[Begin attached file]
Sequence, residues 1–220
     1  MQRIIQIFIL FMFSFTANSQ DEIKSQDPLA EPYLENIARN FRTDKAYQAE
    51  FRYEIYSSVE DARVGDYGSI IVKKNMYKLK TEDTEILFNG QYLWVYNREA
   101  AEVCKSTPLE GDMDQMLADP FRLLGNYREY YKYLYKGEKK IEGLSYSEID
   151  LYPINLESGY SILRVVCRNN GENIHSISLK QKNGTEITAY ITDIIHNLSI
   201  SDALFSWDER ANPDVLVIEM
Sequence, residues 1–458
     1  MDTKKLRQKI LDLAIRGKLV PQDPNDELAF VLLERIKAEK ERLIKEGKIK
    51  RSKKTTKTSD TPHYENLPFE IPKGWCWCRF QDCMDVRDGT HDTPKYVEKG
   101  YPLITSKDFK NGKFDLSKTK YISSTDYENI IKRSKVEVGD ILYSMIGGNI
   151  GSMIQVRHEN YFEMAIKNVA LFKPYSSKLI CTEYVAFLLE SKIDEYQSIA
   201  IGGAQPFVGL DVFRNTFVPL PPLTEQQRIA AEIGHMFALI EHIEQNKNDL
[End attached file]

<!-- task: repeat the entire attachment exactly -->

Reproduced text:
Sequence, residues 1–220
     1  MQRIIQIFIL FMFSFTANSQ DEIKSQDPLA EPYLENIARN FRTDKAYQAE
    51  FRYEIYSSVE DARVGDYGSI IVKKNMYKLK TEDTEILFNG QYLWVYNREA
   101  AEVCKSTPLE GDMDQMLADP FRLLGNYREY YKYLYKGEKK IEGLSYSEID
   151  LYPINLESGY SILRVVCRNN GENIHSISLK QKNGTEITAY ITDIIHNLSI
   201  SDALFSWDER ANPDVLVIEM
Sequence, residues 1–458
     1  MDTKKLRQKI LDLAIRGKLV PQDPNDELAF VLLERIKAEK ERLIKEGKIK
    51  RSKKTTKTSD TPHYENLPFE IPKGWCWCRF QDCMDVRDGT HDTPKYVEKG
   101  YPLITSKDFK NGKFDLSKTK YISSTDYENI IKRSKVEVGD ILYSMIGGNI
   151  GSMIQVRHEN YFEMAIKNVA LFKPYSSKLI CTEYVAFLLE SKIDEYQSIA
   201  IGGAQPFVGL DVFRNTFVPL PPLTEQQRIA AEIGHMFALI EHIEQNKNDL